Buffalo, NY – For fans of Griselda, one of the most alluring and simultaneously frustrating aspects was the almost deliberate veil of mystery surrounding them. Until more recently, there was a level of effort that fans both independently and collectively had to put into piecing it all together — especially if they got on the bus at a later stop.

Now with their Shady-backed masterpiece-hopefuls finally about to see the light of day, fans are beginning to get to the iceberg that rests below the surface of the water — for lack of a better allusion. Still, as the world finds itself more comfortably situated with Westside Gunn, Conway The Machine and Benny The Butcher, some related timelines have yet to be explored in more detail.

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Poet Keisha Plum is one such artist. For fans, her name is unmistakable, having first appeared on “MkQueens Dead,” which was the first song on the very first edition of Westside Gunn’s Hitler Wears Hermès series. She’s since appeared and all the subsequent installments, as well as various projects from the camp, including Gunn’s seminal classic, Flygod.

With Hitler Wears Hermès 7, having just dropped, on which Keisha closes the series out with a powerful piece set to an Alchemist beat, she tells HipHopDX about her journey, mixed emotions about the project and where she’s going from here.

“We went to school together as kids,” Keisha says of her relationship with Westside Gunn. “West was always the fly nigga you know … gold chains, the latest Jordan’s and all of that.”

They were close like family, as she explains. “I see him like, you know, as a brother of mine.” Though they lost touch as they got older, only to reconnect years later in Atlanta.

“The music part came into it when Conway got shot, you know. This was the first Hitler. I was amazed because I had never heard him rap up until that point,” she says with a laugh. “It was like, ‘Whoa.’ I wasn’t expecting that.”

Gunn was aware of Keisha’s poetry and wanted her on the project. She notes that he actually wrote that initial poem himself — though she made a few tweaks. She wrote all the poems that preceded and has since become a staple of his projects.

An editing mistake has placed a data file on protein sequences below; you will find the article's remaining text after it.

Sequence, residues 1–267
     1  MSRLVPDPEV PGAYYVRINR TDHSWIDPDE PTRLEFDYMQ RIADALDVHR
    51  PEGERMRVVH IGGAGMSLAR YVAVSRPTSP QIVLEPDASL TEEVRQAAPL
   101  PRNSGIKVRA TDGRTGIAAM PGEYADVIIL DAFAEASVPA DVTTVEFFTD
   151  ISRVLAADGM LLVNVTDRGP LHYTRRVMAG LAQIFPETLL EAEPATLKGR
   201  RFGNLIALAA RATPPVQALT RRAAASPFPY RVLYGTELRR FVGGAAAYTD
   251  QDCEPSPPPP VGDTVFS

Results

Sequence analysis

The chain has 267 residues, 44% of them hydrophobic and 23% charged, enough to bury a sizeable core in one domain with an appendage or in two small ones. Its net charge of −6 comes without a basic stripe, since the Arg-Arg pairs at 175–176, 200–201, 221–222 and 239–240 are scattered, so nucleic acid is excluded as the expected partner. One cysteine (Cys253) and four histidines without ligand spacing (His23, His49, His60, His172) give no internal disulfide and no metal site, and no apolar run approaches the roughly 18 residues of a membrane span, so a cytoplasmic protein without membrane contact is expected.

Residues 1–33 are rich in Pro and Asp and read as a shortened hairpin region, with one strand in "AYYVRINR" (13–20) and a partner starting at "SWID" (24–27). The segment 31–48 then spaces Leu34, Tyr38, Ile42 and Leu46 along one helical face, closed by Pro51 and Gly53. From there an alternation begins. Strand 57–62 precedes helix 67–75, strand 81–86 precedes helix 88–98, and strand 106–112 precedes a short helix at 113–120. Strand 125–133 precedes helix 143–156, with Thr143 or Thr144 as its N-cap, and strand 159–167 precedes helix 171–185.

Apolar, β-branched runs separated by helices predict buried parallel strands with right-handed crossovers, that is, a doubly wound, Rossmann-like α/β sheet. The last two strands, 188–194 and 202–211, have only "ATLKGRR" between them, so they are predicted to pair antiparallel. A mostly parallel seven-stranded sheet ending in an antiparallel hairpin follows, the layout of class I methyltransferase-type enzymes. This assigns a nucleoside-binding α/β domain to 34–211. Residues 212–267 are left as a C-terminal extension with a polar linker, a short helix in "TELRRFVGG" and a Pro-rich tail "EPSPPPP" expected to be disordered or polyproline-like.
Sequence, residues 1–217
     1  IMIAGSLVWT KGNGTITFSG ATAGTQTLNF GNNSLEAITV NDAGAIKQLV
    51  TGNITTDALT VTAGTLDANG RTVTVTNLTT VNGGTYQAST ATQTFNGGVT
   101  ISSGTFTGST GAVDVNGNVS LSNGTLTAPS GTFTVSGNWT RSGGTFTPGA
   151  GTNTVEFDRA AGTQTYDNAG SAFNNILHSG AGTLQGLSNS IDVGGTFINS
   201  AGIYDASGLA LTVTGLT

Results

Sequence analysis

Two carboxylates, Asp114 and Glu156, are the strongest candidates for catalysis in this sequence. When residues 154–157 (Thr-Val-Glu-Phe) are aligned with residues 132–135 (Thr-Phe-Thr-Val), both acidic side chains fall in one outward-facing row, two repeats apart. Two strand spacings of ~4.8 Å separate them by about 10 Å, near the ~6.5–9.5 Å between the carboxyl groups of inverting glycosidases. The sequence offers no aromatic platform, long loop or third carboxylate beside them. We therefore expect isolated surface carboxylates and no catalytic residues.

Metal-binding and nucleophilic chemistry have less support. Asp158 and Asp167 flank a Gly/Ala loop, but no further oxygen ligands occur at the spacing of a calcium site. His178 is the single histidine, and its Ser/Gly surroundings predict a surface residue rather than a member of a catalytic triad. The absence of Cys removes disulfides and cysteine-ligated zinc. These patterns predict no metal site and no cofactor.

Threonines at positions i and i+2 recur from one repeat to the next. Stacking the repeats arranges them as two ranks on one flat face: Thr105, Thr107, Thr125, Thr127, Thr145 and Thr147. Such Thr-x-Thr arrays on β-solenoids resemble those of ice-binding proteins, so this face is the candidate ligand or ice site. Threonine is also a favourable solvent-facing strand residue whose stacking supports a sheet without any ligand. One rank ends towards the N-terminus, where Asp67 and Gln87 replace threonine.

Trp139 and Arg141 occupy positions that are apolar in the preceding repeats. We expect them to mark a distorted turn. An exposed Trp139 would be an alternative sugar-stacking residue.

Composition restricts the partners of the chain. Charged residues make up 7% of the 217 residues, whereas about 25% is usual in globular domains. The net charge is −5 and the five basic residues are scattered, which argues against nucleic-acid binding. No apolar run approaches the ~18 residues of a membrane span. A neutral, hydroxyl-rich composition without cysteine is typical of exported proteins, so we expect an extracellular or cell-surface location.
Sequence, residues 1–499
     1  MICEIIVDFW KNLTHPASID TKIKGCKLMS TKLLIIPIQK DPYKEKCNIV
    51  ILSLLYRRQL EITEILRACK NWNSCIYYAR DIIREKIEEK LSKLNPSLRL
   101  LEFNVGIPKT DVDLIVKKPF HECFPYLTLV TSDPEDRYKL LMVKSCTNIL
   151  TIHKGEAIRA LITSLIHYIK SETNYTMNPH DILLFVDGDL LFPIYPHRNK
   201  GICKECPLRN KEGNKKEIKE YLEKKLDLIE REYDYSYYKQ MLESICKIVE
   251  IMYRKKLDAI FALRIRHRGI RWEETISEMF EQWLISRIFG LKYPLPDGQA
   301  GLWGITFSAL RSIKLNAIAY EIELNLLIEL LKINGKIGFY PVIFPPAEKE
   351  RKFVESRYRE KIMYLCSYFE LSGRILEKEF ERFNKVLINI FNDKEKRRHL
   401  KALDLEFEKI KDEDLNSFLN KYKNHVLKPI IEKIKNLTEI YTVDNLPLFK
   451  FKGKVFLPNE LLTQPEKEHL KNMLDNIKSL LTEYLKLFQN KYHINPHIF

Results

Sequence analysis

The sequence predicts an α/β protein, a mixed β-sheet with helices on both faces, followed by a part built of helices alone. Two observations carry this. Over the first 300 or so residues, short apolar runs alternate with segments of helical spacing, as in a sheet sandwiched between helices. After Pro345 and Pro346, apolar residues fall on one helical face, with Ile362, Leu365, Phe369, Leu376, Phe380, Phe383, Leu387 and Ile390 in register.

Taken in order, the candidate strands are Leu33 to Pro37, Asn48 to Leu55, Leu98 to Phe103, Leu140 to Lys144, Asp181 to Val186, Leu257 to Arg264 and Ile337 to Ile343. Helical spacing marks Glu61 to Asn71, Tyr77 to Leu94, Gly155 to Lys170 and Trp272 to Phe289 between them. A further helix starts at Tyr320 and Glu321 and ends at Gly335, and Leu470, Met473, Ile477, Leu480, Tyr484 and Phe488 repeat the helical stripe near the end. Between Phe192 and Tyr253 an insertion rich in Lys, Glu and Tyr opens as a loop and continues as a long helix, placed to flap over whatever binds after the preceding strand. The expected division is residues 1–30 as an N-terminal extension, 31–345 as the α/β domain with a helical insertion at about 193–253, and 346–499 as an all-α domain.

“When I heard Hitler Wears Hermès, I was like, ‘Oh, okay, how’s that’s gonna fly,’” she says. “I was hoping people wouldn’t be upset with the Hitler reference, but it all worked out.”

With the saga coming to an end, she points to the symbolism of the last instalment, adding that there is a deeper meaning behind the number seven — a number associated with completion.

“We thought that after number four we were going to be done,” she laughs.

Gunn is the creative captain of the ship, and though Keisha knew she was on the project, it wasn’t until the tracklist was released via Instagram that she learned she was the last track.

“West was like, ’You’re going to be on this, but it’s just you by yourself. I’m not on it with you.’ I really appreciated him for that,” she says. “But when I saw that I was closing it out, my heart dropped.

“I was like, ‘Oh my God.’ Like, it’s humbling to me … It’s a beautiful gesture.”

Keisha is just getting started. With obvious appearances on upcoming projects, notably What Would Chine Gun Do? there is also going to be a focus on building her personal profile.

“I have had private conversations with [West] about the next steps for me as a poet and trying to carve out this niche in the hip hop industry,” she says. “It’s going to be interesting, but I’m up for it.”

As Westside Gunn tells HipHopDX, Keisha’s full-length project is well underway.

“It’s half done,” he notes, adding that it’s slated for 2020. “Executively produced by me, so you know what it’s going to sound like … the whole team is going to be on it, plus special guests.”

On top of her album, she’s writing a book — a combination of short stories, poetry and photos. She also alludes to helping inspire the youth from her hometown of Buffalo.

Specifically, she recognizes a possibly to help teach poetry during a more fully realized Westside Gunn Day program. Following the official proclamation by the Mayor of Buffalo this past summer, the Griselda staff held a very successful charity event that gave out school supplies to children.

Whether it was Westside Gunn’s foresight or not, giving Keisha this platform does inadvertently give her a unique opportunity to shine a spotlight on poetry for an audience that may otherwise sleep on it. It’s a point that isn’t lost on her, and she hopes to capitalize on going forward.

“I started to like poetry at a very young age. Being from the hood that we came from in the inner city, kids need an outlet. I want to be that voice. Young people, young girls and women need those waves.”

Ultimately, as a creative, she expresses her gratitude for the experience, and the ability to have her poetry heard at such a massive level.

“I hope that I can resonate with people,” she says. “I want my writing to be powerful. I want to make an impact.”

You can keep up with Keisha via her Instagram, @KeishaPlum.